Nonetheless, I had a great start. Maybe it’s all that sprinting out of corners in criteriums in my past life as a road racer … on the uphill asphalt section at the top I got almost all the way to the front and was sitting snugly in third when we hit the single track. NOOICE! Unfortunately, people started passing me right and left (literally) after that.

Wow, this is already totally boring! I’m sorry about that. Of course you don’t care what happened next, and I don’t really either. I almost didn’t care at the time … it was too much like life. I was riding as hard as … well, not as hard as I could, but to the limit of my motivation, really feeling the futility of it all, like I was just going in circles (which of course I was). Here’s a photo so you can see all the bastards swarming behind me. Also, marvel at how old I look. I don’t think the clear sunglasses help. I might as well get bifocals.


This was a real bike-handler’s course, and I’m not a real bike-handler, at least on the dirt. I kept getting passed on the downhills and then I’d catch the same guys on the short flat sections, draft them through the headwind, and drop them again on the climbs. That was pretty fun, I have to say. I know better than to have any concrete goals for my races anymore … perhaps the best I can hope for is brilliant moments, however fleeting.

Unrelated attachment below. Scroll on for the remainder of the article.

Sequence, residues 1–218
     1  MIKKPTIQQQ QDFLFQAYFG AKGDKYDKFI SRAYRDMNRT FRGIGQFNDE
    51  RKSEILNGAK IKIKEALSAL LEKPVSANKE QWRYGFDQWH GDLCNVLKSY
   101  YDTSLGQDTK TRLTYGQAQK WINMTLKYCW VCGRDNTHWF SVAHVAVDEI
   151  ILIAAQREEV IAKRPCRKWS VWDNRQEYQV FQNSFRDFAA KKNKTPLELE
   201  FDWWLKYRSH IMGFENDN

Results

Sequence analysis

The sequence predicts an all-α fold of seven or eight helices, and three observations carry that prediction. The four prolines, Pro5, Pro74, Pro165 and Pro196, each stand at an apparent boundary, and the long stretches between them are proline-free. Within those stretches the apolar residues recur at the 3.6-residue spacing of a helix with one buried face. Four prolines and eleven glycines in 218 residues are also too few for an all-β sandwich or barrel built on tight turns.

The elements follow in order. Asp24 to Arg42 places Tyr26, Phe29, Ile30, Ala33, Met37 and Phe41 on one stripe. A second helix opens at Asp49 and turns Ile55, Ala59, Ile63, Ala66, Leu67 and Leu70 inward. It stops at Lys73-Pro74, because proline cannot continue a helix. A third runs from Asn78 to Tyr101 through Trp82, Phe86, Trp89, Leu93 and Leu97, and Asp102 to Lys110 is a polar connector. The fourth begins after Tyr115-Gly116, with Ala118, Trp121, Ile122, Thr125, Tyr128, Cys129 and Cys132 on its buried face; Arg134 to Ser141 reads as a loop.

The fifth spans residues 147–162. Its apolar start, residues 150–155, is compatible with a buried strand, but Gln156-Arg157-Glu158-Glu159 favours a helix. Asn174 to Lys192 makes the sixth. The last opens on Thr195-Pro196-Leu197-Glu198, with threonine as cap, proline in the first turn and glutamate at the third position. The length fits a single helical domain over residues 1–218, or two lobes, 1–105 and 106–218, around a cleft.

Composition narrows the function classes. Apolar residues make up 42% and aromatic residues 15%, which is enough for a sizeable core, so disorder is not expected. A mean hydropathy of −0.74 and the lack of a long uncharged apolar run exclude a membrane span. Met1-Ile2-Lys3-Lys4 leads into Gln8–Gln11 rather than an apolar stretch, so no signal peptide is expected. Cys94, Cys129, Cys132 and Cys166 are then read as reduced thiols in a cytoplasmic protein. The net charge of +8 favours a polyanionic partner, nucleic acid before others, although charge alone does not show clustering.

One guy took so much time out of me on the downhill sections on the last lap, I ran out of climbs via which to reel him back in. I’d given him up for lost until the final flat sections when I realized he was completely dying. I dug way deep and chased him all the way to the finish, just nipping him at the line, throwing my bike like a real sprinter.

I was pretty stoked about that until I checked his number. He wasn’t even in my category! I have just discovered (looking at the online results) that he’d started two minutes after I did, in the 55+ group, and made the podium. At least he didn’t laugh in my face or anything after the race. I hope I’m as gracious when I’m that age. I sure as hell won’t be that fast.